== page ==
Marijuana Revenue Set to Soar After Legalization Wins; Other States Eye 2021 Reforms

Law Street Media previously reported that New Jersey, Arizona, Montana, and South Dakota are now among 15 states and the District of Columbia allowing adults to use marijuana recreationally. The wins were not close, CNN Business reported. The news outlet quoted John Hudak, a cannabis policy expert and deputy director at the Brookings Institution, a research group. Hudak stated that “[t]hey passed overwhelmingly; they were not close races.” He called it “a resounding win for cannabis.”

The National Organization for the Reform of Marijuana Laws (NORML) blog explained that in Mississippi, voters chose between two initiatives. The one that prevailed was posted by patient advocates, while the second, a more limited lawmaker-driven measure, was rejected. The latter measure made the ballot despite challenges from a Mississippi mayor, who claimed that its elevation to the ballot was procedurally flawed.

CNN Business also made light of projections by Bethany Gomez, managing director for the Brightfield Group, a cannabis industry market research and analytics company. Gomez stated that forecasts show that the domestic recreational and medical cannabis industry will hit $19 billion in sales this year and increase to $24 billion by 2021. With the possible legalization in New York and other states, the figure could grow to $45 billion in sales by 2025.

Despite the state-level gains, the industry faces federal challenges. Law Street Media has recently reported about courtroom efforts to de-list marijuana as a Schedule I drug under the Controlled Substances Act, a law implemented by the U.S. Drug Enforcement Administration (DEA).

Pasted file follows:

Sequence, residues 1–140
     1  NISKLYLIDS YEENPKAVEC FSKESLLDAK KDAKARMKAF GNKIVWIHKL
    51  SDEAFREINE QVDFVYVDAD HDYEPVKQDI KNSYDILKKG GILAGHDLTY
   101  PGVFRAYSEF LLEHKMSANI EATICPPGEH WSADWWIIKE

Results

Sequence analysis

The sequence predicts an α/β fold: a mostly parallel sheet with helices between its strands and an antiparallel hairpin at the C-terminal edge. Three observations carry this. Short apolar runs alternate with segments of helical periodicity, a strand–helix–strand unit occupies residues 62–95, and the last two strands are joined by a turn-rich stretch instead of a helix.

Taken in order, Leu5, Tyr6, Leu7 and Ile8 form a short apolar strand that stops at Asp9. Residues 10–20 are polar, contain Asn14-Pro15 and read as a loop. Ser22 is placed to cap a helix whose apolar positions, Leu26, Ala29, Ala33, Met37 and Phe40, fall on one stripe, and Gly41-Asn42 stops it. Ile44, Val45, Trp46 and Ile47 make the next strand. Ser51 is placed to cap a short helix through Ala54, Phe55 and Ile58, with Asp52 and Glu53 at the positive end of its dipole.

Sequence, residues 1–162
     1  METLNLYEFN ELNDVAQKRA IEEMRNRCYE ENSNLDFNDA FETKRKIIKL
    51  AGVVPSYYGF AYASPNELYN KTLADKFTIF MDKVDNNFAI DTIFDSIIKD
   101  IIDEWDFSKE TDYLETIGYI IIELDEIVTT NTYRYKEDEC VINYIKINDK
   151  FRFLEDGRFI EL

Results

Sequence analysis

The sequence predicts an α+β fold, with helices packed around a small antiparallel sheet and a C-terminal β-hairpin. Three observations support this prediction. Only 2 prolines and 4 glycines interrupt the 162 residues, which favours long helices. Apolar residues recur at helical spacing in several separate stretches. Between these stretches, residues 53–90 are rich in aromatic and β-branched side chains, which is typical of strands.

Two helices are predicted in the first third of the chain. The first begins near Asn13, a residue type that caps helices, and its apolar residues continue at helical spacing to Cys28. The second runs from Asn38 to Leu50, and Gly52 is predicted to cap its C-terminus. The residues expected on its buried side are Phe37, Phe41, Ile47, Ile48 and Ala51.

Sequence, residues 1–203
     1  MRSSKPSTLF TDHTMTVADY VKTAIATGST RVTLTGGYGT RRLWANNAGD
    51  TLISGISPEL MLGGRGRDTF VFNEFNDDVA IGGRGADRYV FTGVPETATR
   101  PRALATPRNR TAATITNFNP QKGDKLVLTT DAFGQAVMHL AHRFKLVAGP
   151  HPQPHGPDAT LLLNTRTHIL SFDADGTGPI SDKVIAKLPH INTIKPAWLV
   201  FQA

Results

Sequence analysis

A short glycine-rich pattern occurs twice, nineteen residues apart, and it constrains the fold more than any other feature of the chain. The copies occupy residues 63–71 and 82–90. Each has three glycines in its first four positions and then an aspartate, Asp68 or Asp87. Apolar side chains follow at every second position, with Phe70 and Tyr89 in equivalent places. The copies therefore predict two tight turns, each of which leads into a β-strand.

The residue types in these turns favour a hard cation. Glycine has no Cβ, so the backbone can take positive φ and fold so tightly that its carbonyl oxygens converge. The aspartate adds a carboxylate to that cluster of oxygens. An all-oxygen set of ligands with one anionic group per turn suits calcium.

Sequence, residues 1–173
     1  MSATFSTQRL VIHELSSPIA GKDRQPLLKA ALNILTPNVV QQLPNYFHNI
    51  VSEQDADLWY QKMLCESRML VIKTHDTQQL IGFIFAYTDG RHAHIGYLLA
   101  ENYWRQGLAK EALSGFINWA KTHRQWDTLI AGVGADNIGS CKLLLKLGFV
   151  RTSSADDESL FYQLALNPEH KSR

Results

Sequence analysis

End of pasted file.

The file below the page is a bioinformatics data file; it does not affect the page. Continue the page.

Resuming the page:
Specifically, although the Supreme Court passed on an opportunity to address the issue in mid-October, another case is pending before the Ninth Circuit Court of Appeals. In the latter, the petitioners argued that the DEA’s denial of a 2020 petition to de-list marijuana was arbitrary and capricious, and that another provision of the law created an impermissible “double-delegation” in violation of the Constitution. Amicus briefs have streamed in since the petitioners’ Sept. 29 opening brief was filed. The DEA, represented by current Attorney General Bill Barr, must file its response by Nov. 30.

In terms of a legislative solution, CNN Business reported that “a Senate led by Republican Mitch McConnell will mean cannabis legislative measures will remain dead in the water, especially under a Biden administration.” The Brookings Institution’s Hudak reportedly said that “Mitch McConnell is a one-man ‘no’ machine.” He explained that McConnell “doesn’t see the political benefits” associated with federal legalization. For the cannabis industry, this makes banking and financial transactions difficult. They also have trouble insuring their businesses and are ineligible to receive federal disaster aid, CNN Business reported.

Some lawmakers are eyeing 2021 for reforms in their states for a number of reasons, one among them, reducing regional travel amidst the COVID-19 pandemic. Marijuana Moment reported that one governor explained how legalizing marijuana could ease travel concerns. The Nov. 7 article reported that Connecticut’s governor explained how officials need to think regionally in terms of controlling virus transmission.

In terms of recreational marijuana use, Connecticut Gov. Ned Lamont (D) stated that “[r]ight now I’m surrounded by states—you mentioned New Jersey, Massachusetts—where marijuana is already legal, and I don’t need a lot of people driving back and forth across the border. We’re trying to keep people close to home as best we can right now, and I think legalizing marijuana and doing that safely, making sure that no poison is laced in there, I think it’s one way to keep people closer to home.”